Before & After: Allinson

by Tiffanie Pfrang on 01/24/2013 | 3 Minute Read

Editorial photograph

Anyone out there that bakes a lot knows that packaging in the flour category is still in the stuck in the "plain 'ol sack" stage. Brand packaging agency Family (and friends)'s development of a new look for Allinson Flour, and a category dust off is refreshing. We love the colorful range, use of patterns and visual cues for each package. 



"Family (and friends) were chosen, without a pitch on the basis that they had been responsible for the recent updating of the Allinson bread range, so were off to a head-start in understanding the brand’s story and values.

First and foremost their job has been to create something that would surprise and drive purchase intent. “We wanted to find a really modern and exciting way to penetrate the category, to be seen as a brand that helps inspire and surprise home bakers”. Says Matt Smith, Category Head of Baking at Silver Spoon.

“The target consumer isn’t the ‘cupcake and once a year birthday cake makers’, it’s appealing to ‘accomplished’ bakers; people who bake a lot for practicality as well as pleasure, so the rebrand needed to be bold in its newness”. Says F&f creative Director Alex Durbridge. The flour market has changed recently and become really hip - especially with the trend for bake-offs.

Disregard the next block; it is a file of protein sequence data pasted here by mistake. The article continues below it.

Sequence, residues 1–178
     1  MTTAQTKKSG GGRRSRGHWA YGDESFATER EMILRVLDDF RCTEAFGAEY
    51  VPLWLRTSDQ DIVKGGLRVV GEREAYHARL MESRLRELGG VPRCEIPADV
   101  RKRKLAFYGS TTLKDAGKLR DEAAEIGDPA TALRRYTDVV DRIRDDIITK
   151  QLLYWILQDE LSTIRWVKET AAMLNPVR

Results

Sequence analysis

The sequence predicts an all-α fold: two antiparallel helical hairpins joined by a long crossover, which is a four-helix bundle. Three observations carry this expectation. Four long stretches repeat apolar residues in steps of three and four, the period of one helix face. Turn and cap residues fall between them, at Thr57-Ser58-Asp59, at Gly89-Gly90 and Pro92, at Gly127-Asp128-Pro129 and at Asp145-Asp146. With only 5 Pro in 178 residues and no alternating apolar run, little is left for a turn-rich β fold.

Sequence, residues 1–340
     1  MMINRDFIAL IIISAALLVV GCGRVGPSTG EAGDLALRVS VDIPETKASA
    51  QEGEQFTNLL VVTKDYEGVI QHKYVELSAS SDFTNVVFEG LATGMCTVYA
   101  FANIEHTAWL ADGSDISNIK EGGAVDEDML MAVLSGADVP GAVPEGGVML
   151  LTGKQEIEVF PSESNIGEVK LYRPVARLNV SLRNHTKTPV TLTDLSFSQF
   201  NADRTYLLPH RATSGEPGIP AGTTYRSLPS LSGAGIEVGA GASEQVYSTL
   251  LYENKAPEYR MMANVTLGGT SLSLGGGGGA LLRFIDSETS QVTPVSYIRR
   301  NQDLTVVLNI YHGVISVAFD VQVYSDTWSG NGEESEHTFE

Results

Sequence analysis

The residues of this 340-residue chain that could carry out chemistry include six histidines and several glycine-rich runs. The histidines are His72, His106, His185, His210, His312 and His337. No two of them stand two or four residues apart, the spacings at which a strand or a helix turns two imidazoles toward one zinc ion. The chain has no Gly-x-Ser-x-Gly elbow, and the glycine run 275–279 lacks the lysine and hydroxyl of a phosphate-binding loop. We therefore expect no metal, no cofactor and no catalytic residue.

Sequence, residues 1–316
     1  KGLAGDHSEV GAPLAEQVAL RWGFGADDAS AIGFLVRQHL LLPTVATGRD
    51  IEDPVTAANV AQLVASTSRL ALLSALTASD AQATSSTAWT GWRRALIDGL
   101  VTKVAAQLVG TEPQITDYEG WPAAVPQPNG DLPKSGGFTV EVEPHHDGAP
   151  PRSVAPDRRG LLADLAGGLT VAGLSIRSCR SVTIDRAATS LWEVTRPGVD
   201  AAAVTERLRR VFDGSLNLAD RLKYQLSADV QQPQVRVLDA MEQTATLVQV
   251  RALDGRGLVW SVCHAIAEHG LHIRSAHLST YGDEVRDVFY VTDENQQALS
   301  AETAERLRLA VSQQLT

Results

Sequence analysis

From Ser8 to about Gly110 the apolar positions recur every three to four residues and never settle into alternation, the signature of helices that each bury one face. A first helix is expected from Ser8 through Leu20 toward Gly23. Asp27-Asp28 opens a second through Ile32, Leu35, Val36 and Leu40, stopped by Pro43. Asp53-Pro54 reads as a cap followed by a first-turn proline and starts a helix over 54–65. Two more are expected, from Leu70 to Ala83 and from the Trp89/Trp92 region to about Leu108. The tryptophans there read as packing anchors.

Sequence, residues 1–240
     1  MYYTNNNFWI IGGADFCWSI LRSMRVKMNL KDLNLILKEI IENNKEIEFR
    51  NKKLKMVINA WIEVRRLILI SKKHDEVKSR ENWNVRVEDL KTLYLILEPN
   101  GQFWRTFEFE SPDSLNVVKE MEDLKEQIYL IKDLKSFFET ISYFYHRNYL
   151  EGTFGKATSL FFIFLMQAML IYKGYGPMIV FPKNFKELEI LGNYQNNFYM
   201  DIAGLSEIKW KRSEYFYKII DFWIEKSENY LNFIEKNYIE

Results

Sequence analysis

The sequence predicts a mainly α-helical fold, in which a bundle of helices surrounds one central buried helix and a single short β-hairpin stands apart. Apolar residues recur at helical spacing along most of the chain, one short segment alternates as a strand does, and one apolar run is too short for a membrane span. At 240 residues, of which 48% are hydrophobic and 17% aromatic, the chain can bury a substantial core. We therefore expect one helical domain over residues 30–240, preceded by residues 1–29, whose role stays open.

“Who in the 21st century western world actually has to bake anything at all? You can buy anything ready made, sometimes with exceptional quality that’s hard to emulate in your own kitchen. The key insight is that home baking is fun – a hobby-craft that needs ingredients to create the joy. So why should it be a worthy and functional category?” says F&f strategy Director Derek Johnston.

New designs were developed and researched to assess their appeal and standout compared with the current look. The ‘The Sack Pattern’ design performed better than the current packaging, particularly for the culinary sub-range. The design was highly appealing for its modernity and the vast majority of people were “happily surprised” by the design. These bold geometric patterns, with their logical colour-ways and design system, allowed people to more easily spot and navigate the range. F&f have also re introduced the original Allinson trademark windmill back into the identity to give a greater sense of heritage and recognition.

Designed by Family (and friends), UK 

Editorial photographEditorial photograph

Editorial photograph

Editorial photograph

Editorial photographEditorial photograph


Facebook Twitter Email

You may also like